April 2017

At Home in the World: Women Writers and Public Life, from Austen to the Present by Maria Dibattista and Deborah Epstein Nord

    Reviewed by Dr Kathleen Huxley As the title of this book implies this oeuvre “offers an account of the female literary tradition of the last two centuries that recognizes and evaluates its engagement with public life”. Throughout the book there is an emergence of recurrent themes that uncover the evident, but often underestimated,

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Kumakana A Gronups Tale by Kevin Price

    Reviewed by E.B. Heath ‘Her mother had told her how the trees shaped the forest – the karri, among the world’s tallest, and the tingle, with its massive girth, one of the largest.  She told her that their bark hid spiders with sixty-five million years of history.   ‘There are secrets and legends far

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Hippy Days, Arabian Nights – a Memoir by Katherine Boland

    Reviewed by Ian Lipke I’ve been absolutely terrified every moment of my life – and I’ve never let it keep me from doing a single thing I wanted to do – Georgia O’Keeffe Katherine Boland shares Georgia O’Keeffe’s quote with her readers and it is transparently obvious why she does so. Hippy Days,

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Accidentally on Purpose by Jill Shalvis

Reviewed by bonne nuit This light-hearted story entrances the reader as she is taken inside the intimate day to day occurrences that occur with marked regularity around Elle Wheaton. Elle is a girl who is most interested in the important things in a girl’s life – shoes, for instance, or friends, or even a career.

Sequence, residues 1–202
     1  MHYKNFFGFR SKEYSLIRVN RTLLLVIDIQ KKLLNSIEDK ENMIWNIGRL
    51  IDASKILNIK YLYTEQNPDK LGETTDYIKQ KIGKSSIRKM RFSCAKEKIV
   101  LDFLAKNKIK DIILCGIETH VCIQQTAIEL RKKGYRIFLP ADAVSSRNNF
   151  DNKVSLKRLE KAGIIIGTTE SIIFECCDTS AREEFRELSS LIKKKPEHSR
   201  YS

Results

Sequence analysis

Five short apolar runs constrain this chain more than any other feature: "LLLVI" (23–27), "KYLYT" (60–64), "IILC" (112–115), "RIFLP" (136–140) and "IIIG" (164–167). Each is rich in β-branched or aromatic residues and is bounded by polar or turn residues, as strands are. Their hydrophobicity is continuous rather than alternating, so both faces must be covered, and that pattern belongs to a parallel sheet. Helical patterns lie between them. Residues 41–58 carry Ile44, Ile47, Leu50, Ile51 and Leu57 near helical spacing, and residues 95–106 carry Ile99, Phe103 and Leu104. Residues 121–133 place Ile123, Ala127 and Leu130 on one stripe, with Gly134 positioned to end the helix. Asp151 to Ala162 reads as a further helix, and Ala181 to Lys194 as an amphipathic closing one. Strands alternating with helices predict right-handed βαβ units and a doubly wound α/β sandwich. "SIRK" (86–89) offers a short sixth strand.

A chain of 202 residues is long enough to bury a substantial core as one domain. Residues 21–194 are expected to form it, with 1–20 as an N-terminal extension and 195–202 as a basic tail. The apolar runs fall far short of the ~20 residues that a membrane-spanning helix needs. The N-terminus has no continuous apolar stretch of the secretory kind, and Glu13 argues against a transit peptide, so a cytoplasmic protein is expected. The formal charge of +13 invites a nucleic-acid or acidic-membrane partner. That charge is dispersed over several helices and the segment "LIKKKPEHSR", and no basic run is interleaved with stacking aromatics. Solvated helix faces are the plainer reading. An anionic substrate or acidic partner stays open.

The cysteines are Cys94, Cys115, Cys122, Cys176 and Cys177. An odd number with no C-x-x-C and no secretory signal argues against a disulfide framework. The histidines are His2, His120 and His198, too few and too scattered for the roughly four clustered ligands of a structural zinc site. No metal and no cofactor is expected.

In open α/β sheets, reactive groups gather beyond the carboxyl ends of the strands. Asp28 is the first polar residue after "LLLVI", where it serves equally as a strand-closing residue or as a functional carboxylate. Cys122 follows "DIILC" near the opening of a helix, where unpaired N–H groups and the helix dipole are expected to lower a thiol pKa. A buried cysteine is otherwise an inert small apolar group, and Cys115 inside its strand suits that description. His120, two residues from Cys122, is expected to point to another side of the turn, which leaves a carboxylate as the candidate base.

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Beyond the Wild River by Sarah Maine

Reviewed by Ian Lipke When mankind accepts evil, the good tread with great care that they are not themselves ensnared. Charles Ballantyre almost delayed too long. His daughter’s happiness and the life of a good man hung in the balance. In Scotland 1893 a poacher is shot and killed on the estate of a wealthy

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The Greatest – The Quest for Sporting Perfection by Matthew Syed

Reviewed by Mike Clarke   If anybody could be described as a living encyclopaedia of sport it would be Matthew Syed. A columnist and feature writer for The Times, he has twice won ‘Sports Journalist of the Year’ at The British Press Awards. He is a regular contributor to BBC programmes and a sportsman in

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The Girl Who Was Taken by Charlie Donlea

Reviewed by Ian Lipke “Let ‘em drool!” A short sharp rejoinder from a brittle character who plays a large part in Charlie Donlea’s The Girl Who Was Taken. Nicole Cutty, amoral, tough and brash has no concern about nude breasts when young men hover. When she and other high school senior girls disappear from the

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Fragments by Antigone Kefala

Reviewed by Ian Lipke Antigone Kefala is a contemporary Australian poet and prose-writer of Rumanian heritage. Her family moved to Greece but settled in New Zealand after World War II. Having studied French literature at Victoria University Antigone Kefala relocated to Australia in 1960. She has taught English as a second language and worked as a university and

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Word Migrants by Hazel Smith

Reviewed by Ian Lipke   Sustained beyond reverberation; resonant beyond deafness (from The Disappeared) is an apt appellation to Hazel Smith’s active conscience. She has never been known to dodge the odd bit of controversy and her latest collection of poems follows a well-worn path. If there is one word readers might use to describe

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Fatal Crossing by Lone Theils

Reviewed by Ian Lipke He gave a light shrug. “Why not? It’s what they deserved. They were nothing but cockroaches. All we did was clean out the kitchen.”  In such a manner does Lone Theils introduce her readers to a Rwandan mass murderer and through him to Nora Sand, an investigative journalist with the Danish

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